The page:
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Would you like to help with a blurb for my bestselling new book on the financial crisis?

Earlier this week I published the Kindle edition of a book on which I have been devoting a great deal of time and energy over the past few months, The Worried Citizen’s Little Survival Guide to the Greatest Financial Crisis of the Century: Understanding and Surviving the Domino Depression. Here’s a link to its Amazon page.

It’s not a book for the CNBC talking heads, and it may not even be a book for Paul Krugman or Ben Bernanke. It’s a book for people who’ve been working hard, feel like we’ve been thrown to the curb in this financial crisis, and and want simple answers to some very basic questions: How did we get here, how much worse is it going to get, and what can we do to protect ourselves, our families, and our future?

If you believe there’s a need for a book with this kind of commonsense approach to these worrying times, I would like to invite you to take a few moments to participate with me as I try to re-make the usual process of marketing a nonfiction book. Between now and the time when the paperback edition of my book is published late this month, I am inviting people who really know what is going on in this financial crisis — working people, labor and community organizers, seniors, teachers, librarians, people who run small businesses and nonprofits, young people trying to figure out how they are going to pay for their education or start a career, and others who have already lost a great deal through no fault of their own — to join with me in spreading the word about The Worried Citizen’s Little Survival Guide.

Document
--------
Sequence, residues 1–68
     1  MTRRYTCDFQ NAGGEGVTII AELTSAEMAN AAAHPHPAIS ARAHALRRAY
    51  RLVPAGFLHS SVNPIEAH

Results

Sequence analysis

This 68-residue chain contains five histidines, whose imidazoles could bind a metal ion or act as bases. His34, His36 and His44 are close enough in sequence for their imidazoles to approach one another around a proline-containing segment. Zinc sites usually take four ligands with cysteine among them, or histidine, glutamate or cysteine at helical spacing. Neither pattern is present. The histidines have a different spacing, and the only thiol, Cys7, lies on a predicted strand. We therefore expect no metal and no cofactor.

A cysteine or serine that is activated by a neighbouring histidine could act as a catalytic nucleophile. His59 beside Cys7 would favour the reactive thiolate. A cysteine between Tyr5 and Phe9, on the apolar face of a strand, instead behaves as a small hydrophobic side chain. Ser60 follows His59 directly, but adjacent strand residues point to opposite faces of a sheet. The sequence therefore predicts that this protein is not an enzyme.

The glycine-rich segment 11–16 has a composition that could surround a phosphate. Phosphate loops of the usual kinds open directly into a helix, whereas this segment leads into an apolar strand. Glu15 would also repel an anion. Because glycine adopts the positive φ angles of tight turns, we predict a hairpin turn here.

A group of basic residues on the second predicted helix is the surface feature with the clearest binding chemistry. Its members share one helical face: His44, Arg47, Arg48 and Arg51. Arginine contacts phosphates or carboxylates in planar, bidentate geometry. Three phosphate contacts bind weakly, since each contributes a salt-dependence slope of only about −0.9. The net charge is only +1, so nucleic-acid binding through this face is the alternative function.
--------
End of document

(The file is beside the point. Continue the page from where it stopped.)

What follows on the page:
Okay, if Bernanke, Krugman, Jim Kramer, and Stephen King all want to send in blurbs, I might be able to use them. But I would really like to have a couple of lines from you, if you feel like sharing your comments publicly.

I’ve posted some sample chapters of the book, along with the Table of Contents, on Facebook just to make it easy for you to see what it’s all about.

If you would like to share a comment or “blurb” with me directly, you can enter a comment here or, better yet, email me at hppress@gmail.com.

If you include your name, any brief identifying info, and a snail-mail address and I include your comment in (or on the cover of) the paperback edition of the book (scheduled for July 31 release), I promise to send you a free signed copy of the paperback! (In response to a question from Donna, let me suggest that it would be helpful to have comments, blurbs, and reviews by Monday, July 15).

Such comments could become back cover blurbs, comments on the book’s web page, or readers’ comments in the front matter of the paperback edition. I would also welcome a brief review on Amazon or, if you have one, on your own blog. If you would like to write an Amazon review, short and sweet would be wonderful, and you will find a link right under the title information at the top of the book’s Amazon page: http://bit.ly/4BXrG